Sailing Software Utilities for the PC

Over the last 15 years I've developed a number of software utilities to support my sailing activities.  These utilities range from an inventory and maintenance record keeper to navigation functions.  All of these early programs were developed using Visual Basic for Applications (VBA) as provided in MS Excel.  I used that development platform because it was included by Microsoft in the Office programs.  This also had the advantage of integration with the Excel workbook structure to maintain the various databases used by these utilities.  There are a number of limitations of this platform, which made me consider moving to the standard Visual Basic (now part of Visual Studio).
Two things have finally motivated me to make this move.

  1. Microsoft has released a fairly complete version of Visual Basic in Visual Studio Community, which they provide at no charge. 
  2. Although I have seen no announcements from Microsoft on the future of VBA, I fully expect them to drop support in some future release of Office.


So I have started looking to convert some of my VBA programs to Visual Studio (VS), but in the meantime I have developed a few small programs as teaching projects to allow me to develop some familiarity with VS.  These programs are still under development, but they are complete enough to provide me some useful functionality.  Others may not find them very useful.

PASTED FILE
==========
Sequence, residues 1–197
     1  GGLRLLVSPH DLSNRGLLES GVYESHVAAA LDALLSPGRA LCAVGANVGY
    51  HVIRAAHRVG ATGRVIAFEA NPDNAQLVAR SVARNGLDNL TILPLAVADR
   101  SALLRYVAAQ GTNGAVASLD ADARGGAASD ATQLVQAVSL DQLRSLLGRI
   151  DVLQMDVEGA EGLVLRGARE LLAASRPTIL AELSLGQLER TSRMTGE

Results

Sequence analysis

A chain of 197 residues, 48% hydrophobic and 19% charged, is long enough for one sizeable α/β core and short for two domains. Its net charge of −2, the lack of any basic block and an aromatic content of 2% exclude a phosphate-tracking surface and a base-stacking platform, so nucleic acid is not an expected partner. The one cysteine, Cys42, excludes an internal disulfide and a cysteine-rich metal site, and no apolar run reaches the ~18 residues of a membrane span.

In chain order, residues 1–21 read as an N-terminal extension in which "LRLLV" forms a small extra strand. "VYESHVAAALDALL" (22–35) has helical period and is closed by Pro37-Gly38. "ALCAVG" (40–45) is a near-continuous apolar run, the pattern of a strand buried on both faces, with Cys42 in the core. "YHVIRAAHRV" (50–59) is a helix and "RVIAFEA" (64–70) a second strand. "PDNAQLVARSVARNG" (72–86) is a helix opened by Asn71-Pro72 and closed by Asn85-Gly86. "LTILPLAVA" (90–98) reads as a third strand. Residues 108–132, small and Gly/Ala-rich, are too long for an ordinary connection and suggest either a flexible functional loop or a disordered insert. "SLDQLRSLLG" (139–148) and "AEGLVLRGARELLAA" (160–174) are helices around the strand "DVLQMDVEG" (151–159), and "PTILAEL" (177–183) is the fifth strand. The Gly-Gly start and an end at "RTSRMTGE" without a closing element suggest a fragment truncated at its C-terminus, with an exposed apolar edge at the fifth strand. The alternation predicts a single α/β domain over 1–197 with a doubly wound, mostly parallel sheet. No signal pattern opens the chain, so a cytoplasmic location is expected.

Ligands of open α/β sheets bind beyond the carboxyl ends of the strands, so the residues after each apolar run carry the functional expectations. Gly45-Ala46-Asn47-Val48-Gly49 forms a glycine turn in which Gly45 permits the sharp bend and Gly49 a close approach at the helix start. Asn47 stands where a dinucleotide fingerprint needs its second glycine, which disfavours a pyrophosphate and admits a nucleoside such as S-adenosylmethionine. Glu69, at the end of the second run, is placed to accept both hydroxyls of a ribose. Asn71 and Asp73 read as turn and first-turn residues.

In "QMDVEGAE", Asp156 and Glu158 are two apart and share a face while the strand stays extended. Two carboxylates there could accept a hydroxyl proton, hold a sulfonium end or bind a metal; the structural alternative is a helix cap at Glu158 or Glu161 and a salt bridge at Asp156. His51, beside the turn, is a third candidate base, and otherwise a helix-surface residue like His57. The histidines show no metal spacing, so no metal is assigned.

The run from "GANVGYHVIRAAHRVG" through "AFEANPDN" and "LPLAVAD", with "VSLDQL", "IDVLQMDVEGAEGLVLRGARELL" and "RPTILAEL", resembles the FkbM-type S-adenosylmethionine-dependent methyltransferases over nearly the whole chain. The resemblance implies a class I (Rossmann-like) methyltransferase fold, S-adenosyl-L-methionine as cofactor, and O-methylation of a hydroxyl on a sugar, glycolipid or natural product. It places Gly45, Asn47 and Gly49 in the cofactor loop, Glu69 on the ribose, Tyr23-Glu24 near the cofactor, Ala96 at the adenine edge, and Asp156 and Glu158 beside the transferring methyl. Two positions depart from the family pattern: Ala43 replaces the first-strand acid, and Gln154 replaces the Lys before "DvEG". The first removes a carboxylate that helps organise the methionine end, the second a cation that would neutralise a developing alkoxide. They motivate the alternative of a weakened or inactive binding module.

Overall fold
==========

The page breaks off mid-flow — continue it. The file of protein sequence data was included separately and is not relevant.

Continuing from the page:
Current list of programs and utilities:

GPX File Utility
The GPXFileUtility allows me to display and edit the contents of a GPX file.  GPX files have become the standard for most navigation programs for the exchange and backup of waypoint, route, and track records.  I use OpenCPN as my principal PC navigation software and it uses the GPX file format to export and import navigation data.  I use the track data from OpenCPN to create a visual record of many of my cruises on Sarah on this website.  Early on I discovered that little blips in Sarah's instrument network can produce erroneous track records in the GPX file exported from OpenCPN.  Correcting these errors was time consuming and tedious as it required paging through hundreds of trk records to find the ones in error.  So I developed the initial version of GPXFileUtility to provide a quick means of finding those errors and eliminating them.  I also included the ability to display and edit "wpt", "rte" and "trk" records in a GPX file.  Finally I added the ability to save the GPX file in other formats.  The program will convert a GPX file to a kml file for display using Google Earth or to a csv (Comma-Separated) file for import into programs that do not natively process GPX files.

Caveat: This program is really a quick and dirty implementation of a file editor.  It needs a lot of work, if not a re-write.  In the mean time it has been useful to me so I've posted it on the web site.
The latest version of the program can be installed online HERE.
This a short YouTube video that shows how I use the GPXFileUtility to edit the contents of a GPX file.
For the past 8 years (since 2007) I have largely been cruising on the East Coast of the USA, and have been taking full advantage of free downloads of the NOAA Electronic Navigation Chart (ENC) and Raster Navigation Chart (RNC) libraries.  This is a fantastic service, which makes chart updates available within days of when a revised version has been created.  The only drawback is trying to determine when an updated chart is available and should be downloaded into my PC chart library.
So my second VS project was to develop a program to compare the contents of the latest versions of the NOAA Product Catalogs (xml files) to the charts on my hard drive.  The program identifies the charts on my PC for which NOAA has published an update and then downloads the updates and copies them into my PC chart libraries.  Early in the development of the program I added support for the U.S. Army Corps of Engineers (USACE) charts.